2 min

Parks and bikes are key for Alain D’Amours

Ward 27 candidate hopes his simple ideas will go a long way

First-time candidate Alain D’Amours is focused on improving cycling infrastructure, city parks and living conditions for LGBT seniors.

When Alain D’Amours moved to Toronto from Montreal 16 years ago, he had the goal of learning English — he could have hardly imagined that he would end up running for political office.

Now in the race for the Ward 27 council seat, D’Amours, a contractor by trade, thinks back on his time in Montreal as inspiration for some of the ideas he would like to see implemented in Toronto.

For one, he’d like to see Church Street closed to car traffic during the summer months, similar to how a stretch of Saint Catherine Street in Montreal is a pedestrian-only thoroughfare in the summer. “In the beginning, all the stores were against that,” D’Amours says. “And now — try to take it out? No way.”

His campaign has simple goals. He wants more bike lanes, more parks and more services for seniors, especially those in the LGBT community. He’s proposing building a seniors’ home for openly gay seniors, a place where people who are part of the Church Street scene can feel comfortable to be themselves. He says he would pay for it via a private-public partnership.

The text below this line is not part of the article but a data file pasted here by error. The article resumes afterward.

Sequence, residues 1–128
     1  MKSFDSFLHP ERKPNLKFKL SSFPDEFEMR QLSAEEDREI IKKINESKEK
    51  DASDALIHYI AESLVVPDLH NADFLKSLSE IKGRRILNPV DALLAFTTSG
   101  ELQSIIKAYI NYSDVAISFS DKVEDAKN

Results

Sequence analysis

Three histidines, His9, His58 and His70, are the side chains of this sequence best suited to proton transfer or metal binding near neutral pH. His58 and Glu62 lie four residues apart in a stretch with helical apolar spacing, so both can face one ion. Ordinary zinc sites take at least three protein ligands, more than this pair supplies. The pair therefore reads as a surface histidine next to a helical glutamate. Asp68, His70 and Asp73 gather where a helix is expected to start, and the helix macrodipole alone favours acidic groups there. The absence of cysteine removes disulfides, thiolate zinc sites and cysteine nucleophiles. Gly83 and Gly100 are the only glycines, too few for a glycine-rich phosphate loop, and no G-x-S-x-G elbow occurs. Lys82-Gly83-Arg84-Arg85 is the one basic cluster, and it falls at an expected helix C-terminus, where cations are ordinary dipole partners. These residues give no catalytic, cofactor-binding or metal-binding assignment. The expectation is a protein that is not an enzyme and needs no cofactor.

Taking another cue from Montreal, he would like more streets to be turned into one-ways, with separated bike lanes, to help improve traffic flow. He also proposes basic improvements to Church and Yonge streets, saying benches and trees go a long way.

Whether or not a candidate lives in Ward 27 has become an issue for some during this election campaign — Jordan Stone is running his campaign around it. D’Amours lives just east of the Don River, but it’s his connection to the Church Wellesley Village that made him want to run there instead of in Ward 30. “I’m known in the area,” he says. “I’m an openly gay person.” The owner of the renovation company Woodstuff 2000, his business has taken him into many of Ward 27’s neighbourhoods.

This is his first time running for political office, a decision he made because he feels it is time for change. “I would say for quite a while I was thinking I should run,” he says. “It’s more to have a [word] in city hall.” And if he isn’t elected? He still wants to be involved with municipal politics somehow.